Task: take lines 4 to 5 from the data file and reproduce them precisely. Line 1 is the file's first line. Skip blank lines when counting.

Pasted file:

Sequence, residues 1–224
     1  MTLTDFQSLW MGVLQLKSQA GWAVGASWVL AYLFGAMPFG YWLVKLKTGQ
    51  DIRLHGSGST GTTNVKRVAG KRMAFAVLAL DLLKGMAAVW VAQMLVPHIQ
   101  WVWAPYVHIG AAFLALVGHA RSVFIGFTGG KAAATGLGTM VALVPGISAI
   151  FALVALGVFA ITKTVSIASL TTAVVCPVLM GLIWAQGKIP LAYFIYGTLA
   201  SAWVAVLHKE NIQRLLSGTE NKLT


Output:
   101  WVWAPYVHIG AAFLALVGHA RSVFIGFTGG KAAATGLGTM VALVPGISAI
   151  FALVALGVFA ITKTVSIASL TTAVVCPVLM GLIWAQGKIP LAYFIYGTLA